Amazon is against Trump
The entry ban for citizens from the seven Muslim countries has provoked protests in the Silicon Valley. However, the Trump’s government create even more entry restrictions for the IT companies.
The logistics company Amazon and the travel portal Expedia support a lawsuit against the US-President Donald Trump who decided an entry ban for citizens from seven predominantly Muslim countries. The two companies agree to sign a lawsuit filed by the US state of Washington, with the help of which Trump’s executive command ( given last Friday ) may be lifted. The injunction would, among other things, damage the companies residents in the Federal State, according to the complaint.
In addition to Amazon and Expedia, the Seattle-based companies Microsoft and Starbucks are also mentioned. For example, the IT company Microsoft hired almost 5,000 foreign employees according to the so-called H1-B visa program for particularly qualified workers. At least 76 Microsoft employees are expected to come from the affected countries including Iran, Iraq, Syria, Somalia, Sudan, Libya or Yemen.
At Amazon, according to a statement, 49 people came from those seven states. Of these, 47 had a further nationality. A high-ranking attorney, who was born in Libya and has a British passport, could also not enter the USA for the time being. The company had instructed the affected employees not to leave the USA for the time being. Seven potential employees from the countries were looking for opportunities for a job other than the US.
The travel portal Expedia fears that the presidential decree will not only be a disadvantage for their business and their employees, but also for the worldwide tourism. At present, about 1,000 customers from the seven countries who had booked journeys with a starting point or ending in the USA were affected. In addition, some of the 20,000 employees worldwide could no longer travel to the company headquarters in Bellevue, near Seattle. Therefore, the Decree restricts the company’s business.
Protests in Silicon Valley
Since the last weekend, many US companies had expressed more or less critical points about the entry ban. The Verge reported that in the headquarters of the Google, about 2,000 employees protested the ban. Google employees have already donated $ 2 million to refugee organizations. The company put the same sum up again. Lyft, the taxi app, had announced to donate one million dollars to the civil rights organization ACLU over the next four years.
The fact that the IT corporations with their verbal protests and “concerns” (Microsoft, Adobe, Trump) can do something, is rather unlikely. Other companies were therefore planning legal action, the Reuters news agency reported. According to this, Github has organized a meeting for Tuesday to organize the joint support of a lawsuit. Invited include representatives of Google, Airbnb, Netflix, Dropbox, Cloudflare, Adobe and SpaceX. The companies want to present their own position as “friend of the court”.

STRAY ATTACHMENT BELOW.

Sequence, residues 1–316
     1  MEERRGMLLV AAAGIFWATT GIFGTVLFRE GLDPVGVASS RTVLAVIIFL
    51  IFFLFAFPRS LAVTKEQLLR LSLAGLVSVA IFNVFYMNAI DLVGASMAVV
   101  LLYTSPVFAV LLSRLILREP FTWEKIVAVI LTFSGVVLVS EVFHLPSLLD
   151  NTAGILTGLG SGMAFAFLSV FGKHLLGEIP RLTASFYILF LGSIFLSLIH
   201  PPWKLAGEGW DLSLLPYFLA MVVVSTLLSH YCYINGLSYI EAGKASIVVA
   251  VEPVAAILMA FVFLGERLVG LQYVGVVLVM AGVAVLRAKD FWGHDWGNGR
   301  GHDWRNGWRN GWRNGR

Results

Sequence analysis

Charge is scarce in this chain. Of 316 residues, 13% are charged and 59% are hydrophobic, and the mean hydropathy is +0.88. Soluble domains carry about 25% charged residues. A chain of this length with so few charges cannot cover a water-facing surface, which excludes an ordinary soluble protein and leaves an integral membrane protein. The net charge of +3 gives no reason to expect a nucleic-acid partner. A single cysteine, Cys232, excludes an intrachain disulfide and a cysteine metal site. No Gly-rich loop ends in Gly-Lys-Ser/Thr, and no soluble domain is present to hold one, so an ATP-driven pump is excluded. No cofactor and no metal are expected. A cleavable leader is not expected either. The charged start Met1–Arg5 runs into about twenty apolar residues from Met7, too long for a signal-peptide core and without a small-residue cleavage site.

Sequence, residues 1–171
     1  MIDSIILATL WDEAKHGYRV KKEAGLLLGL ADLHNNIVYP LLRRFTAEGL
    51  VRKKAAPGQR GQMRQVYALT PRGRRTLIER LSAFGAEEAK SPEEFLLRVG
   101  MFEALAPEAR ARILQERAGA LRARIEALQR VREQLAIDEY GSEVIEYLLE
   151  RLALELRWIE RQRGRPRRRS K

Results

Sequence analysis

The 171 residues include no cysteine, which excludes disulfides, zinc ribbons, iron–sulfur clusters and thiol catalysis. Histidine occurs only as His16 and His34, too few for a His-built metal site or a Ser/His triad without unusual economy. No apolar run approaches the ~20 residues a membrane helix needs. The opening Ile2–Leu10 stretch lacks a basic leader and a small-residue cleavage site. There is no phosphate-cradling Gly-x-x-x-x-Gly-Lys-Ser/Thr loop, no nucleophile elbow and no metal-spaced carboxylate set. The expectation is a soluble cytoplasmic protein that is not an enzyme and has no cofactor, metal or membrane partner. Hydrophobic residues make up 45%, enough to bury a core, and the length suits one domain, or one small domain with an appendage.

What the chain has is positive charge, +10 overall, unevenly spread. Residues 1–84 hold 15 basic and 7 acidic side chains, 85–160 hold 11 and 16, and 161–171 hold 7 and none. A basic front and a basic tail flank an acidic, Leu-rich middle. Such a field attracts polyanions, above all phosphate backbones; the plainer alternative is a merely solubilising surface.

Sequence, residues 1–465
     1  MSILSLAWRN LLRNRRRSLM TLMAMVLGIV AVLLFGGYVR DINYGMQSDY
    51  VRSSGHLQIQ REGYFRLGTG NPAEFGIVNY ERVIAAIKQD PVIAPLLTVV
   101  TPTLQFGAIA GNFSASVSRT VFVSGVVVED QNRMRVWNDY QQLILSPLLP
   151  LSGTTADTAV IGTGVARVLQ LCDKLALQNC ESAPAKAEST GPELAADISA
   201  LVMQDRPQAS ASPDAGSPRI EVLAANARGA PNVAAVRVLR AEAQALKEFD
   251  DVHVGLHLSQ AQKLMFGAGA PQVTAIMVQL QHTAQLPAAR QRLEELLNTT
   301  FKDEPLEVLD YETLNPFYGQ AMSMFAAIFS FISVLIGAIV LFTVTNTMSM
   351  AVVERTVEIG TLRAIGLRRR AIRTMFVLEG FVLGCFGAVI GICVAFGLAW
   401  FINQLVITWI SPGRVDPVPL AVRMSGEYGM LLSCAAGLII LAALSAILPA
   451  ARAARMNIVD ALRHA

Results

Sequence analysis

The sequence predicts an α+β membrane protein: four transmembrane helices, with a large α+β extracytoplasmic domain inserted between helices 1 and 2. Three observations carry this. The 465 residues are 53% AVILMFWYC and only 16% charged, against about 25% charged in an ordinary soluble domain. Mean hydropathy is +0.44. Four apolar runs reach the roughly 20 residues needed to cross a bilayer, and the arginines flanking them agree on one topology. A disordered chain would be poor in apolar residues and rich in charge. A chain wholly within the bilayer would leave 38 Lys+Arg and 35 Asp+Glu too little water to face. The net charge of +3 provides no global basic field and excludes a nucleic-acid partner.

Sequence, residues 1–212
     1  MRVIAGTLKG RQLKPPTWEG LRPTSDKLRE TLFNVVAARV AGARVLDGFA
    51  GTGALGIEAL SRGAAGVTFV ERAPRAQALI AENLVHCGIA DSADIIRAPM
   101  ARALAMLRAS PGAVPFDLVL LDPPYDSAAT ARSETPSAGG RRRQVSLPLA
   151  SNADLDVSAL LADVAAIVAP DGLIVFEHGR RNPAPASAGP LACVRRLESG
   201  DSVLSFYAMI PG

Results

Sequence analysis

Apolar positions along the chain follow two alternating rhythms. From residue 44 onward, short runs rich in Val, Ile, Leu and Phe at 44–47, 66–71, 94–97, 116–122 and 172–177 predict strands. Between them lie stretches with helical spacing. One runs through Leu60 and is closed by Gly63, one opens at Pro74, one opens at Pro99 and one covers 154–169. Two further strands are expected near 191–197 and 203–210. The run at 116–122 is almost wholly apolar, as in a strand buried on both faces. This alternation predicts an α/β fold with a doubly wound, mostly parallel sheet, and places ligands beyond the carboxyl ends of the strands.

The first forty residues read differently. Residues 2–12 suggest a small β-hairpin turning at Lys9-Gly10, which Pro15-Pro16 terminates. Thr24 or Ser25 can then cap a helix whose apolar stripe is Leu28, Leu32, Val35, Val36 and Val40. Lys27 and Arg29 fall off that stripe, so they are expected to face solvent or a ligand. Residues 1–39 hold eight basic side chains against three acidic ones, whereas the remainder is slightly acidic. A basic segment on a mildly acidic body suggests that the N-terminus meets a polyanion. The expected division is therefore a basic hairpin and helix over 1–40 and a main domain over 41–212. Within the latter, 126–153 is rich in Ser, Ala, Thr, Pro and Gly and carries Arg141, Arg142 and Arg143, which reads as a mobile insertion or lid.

It is currently difficult to see whether the protests will lead to a separate Silicon Valley and the new US President Trump from each other. After a meeting with Trump in mid-December, the big IT corporations wanted to arrange few points. Google had already received a large reception in Washington, where republican congressmen had participated, as the New York Times reported. The company, which had established close ties with the Democrats under the former President Barack Obama, could be more strictly regulated under the new government, writes the paper.
What is also strengthened by the fact that many Silicon Valley representatives like Google founder Sergey Brin and Google CEO Sundar Pichai see themselves as affected immigrants. In addition, many users will closely monitor how the IT companies are positioned against the Trump government. For example, the rider service, Uber, has attracted the user’s wrath because their drivers were supposed to have circumvented a boycott.
Microsoft warns investors
The dispute over the entry requirements could be exacerbated if Trump were to issue another executive order. This is about the aforementioned H1-B Visa program, which according to the New York Times could be more restrictively handled. According to a published draft, the program is intended to ensure that “only the best and most intelligent” will benefit from the program.
Microsoft has already warned its investors that changes to US entry requirements could make it harder to fill the R & D departments with the necessary staff. Also a contribution from Facebook founder Mark Zuckerberg, in which he criticizes the entry ban, is to be seen against this background. The fight for the “best and most intelligent” is likely to be even more important for the Silicon Valley than the protest against the now disputed entry ban.
As news agency Reuters reported, Microsoft also wants to support Washington’s lawsuit against Trump. The company provided material to document the impact of the entry ban. “We would be pleased to be able to provide further information if required,” Reuters quoted Microsoft spokesman Pete Wootton.